The expectation out there is huge. In work places, homes, drinking bars as well means of transport like buses and taxis, the notion out there is for the new administration to address the ills of society, and find solutions to them as soon as possible.

The journey to the top for the President-elect, for instance, has been tough and rugged. According to Nana Akufo-Addo, it has taken him more than forty years of struggle to get to the top. “A journey of over four decades; working shoulder to shoulder with fellow patriots and nationalists for democracy in our beloved Ghana. Our stamina has been tested. But we kept going, in the full belief that the battle is the Lord’s,” the President-elect told party faithful at the Thanksgiving Service, organised by the NPP at the Ohene Djan Stadium in Accra.

With the crowd cheering on, the incoming President acknowledged the task ahead, and promised never to disappoint. “Now, even as we praise God for his immense kindness and grace towards this nation, we also know that we have a lot of work ahead of us.”

In the words of Nana Akufo-Addo: “It is a task that we can, and will perform with your increasing prayers, and with the full blessing of God. Let us then renew our strength and our faith, and get ready for the work ahead. I have no doubt at all that, with God on our side, we will succeed.”

It is all well and good that the President-elect has his eyes on the ball. The challenges are enormous, with expectations running riot among the population. The promises on the campaign trail have raised expectations to the sky level. That is why all those bidding for positions need to bide their time.

The task ahead calls for the right calibre of people to deliver at key positions in national life. One recognises the immense contributions to the sweet victory of the Elephant Family. But it cannot continue to be business as usual. That is why, in my opinion, the long queue being formed, especially by party gurus, in search of juicy jobs in the incoming administration need to disband. The President-elect needs time and space to think through the thousands of job seekers, and select only those, who, in his candid opinion, would deliver.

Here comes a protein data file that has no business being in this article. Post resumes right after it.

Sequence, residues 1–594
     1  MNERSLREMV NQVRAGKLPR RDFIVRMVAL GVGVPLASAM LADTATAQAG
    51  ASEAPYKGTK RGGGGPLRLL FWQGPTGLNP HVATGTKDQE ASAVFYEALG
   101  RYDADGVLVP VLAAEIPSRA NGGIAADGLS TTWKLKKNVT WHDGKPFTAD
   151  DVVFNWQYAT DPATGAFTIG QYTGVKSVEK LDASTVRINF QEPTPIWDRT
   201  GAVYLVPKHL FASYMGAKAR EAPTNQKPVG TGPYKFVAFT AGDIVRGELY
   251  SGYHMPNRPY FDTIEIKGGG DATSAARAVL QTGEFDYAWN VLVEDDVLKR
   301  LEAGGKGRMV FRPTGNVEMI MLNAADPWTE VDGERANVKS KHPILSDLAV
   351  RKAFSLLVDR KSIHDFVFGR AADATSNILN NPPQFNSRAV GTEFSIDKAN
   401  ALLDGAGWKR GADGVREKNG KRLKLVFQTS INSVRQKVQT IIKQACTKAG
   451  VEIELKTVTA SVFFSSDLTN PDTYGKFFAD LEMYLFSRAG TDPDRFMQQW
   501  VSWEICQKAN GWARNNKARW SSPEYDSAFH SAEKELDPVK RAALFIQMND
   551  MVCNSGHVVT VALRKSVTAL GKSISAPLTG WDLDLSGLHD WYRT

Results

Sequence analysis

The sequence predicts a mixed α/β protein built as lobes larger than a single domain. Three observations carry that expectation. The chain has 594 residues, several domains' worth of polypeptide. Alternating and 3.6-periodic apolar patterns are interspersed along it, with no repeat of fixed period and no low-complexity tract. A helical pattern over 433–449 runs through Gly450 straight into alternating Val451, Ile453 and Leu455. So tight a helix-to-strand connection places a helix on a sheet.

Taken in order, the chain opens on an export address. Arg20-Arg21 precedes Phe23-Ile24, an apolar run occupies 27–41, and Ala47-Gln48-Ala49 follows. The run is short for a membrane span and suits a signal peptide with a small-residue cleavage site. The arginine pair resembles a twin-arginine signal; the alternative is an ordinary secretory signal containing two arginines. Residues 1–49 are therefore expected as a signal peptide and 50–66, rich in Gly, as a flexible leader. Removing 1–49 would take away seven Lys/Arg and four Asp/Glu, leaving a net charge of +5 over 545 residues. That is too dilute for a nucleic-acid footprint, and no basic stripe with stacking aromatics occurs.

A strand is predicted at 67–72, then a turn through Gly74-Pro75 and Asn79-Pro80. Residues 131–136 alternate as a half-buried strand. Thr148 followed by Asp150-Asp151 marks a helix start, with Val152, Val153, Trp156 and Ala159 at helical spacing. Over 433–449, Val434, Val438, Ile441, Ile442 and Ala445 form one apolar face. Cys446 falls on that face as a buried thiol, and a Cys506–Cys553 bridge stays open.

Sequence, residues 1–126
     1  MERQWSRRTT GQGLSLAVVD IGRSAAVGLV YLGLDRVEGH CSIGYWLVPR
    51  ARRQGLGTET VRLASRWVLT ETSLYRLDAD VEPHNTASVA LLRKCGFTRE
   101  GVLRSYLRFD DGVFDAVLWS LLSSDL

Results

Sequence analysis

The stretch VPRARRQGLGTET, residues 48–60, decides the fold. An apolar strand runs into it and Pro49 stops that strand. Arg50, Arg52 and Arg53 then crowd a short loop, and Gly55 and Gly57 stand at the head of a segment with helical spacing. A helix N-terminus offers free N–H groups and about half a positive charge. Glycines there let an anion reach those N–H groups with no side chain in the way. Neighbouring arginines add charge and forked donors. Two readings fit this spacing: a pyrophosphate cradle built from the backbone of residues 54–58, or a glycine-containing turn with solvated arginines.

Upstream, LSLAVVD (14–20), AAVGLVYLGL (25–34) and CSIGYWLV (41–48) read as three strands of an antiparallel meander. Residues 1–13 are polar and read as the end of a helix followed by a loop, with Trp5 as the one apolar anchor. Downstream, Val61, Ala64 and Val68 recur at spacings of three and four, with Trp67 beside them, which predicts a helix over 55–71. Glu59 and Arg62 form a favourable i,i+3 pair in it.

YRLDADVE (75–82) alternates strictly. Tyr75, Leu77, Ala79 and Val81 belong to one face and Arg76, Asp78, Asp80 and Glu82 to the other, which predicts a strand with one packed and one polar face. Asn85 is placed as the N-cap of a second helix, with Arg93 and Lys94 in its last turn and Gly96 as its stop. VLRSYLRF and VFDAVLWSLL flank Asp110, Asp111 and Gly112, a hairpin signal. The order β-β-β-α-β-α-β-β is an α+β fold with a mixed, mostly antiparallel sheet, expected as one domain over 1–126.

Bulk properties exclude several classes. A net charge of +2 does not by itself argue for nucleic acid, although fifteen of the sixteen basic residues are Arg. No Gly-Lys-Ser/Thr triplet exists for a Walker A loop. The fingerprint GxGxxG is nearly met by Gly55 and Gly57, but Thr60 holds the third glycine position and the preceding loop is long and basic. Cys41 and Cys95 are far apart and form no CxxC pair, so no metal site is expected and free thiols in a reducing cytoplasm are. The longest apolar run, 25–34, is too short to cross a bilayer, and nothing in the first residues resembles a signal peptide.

My information is that leading the transitional team has apparently given Mr. Yaw Osafo-Maafo, the veteran politician who is credited with leading this country into HIPC, and leading from the front to cross the finish line in a record two and a half years, is eyeing the juicy job of Chief of Staff.

It is a nice proposition; given the time and effort he has given to the Elephant Family over the years. But truth must be told. At his age and disposition, Oyeadieyie must be a little stale for the job of co-ordinating all the ministries and calling all functioning ministers to order.

That is not all the jobs required of the Chief of Staff. The office holder also runs the Presidency. In effect, he or she is the driver of the policies of the President. Yaw has served the nation well over the years, but I do not believe honestly that he still has the nerves to make a success out of the Chief of Staff position.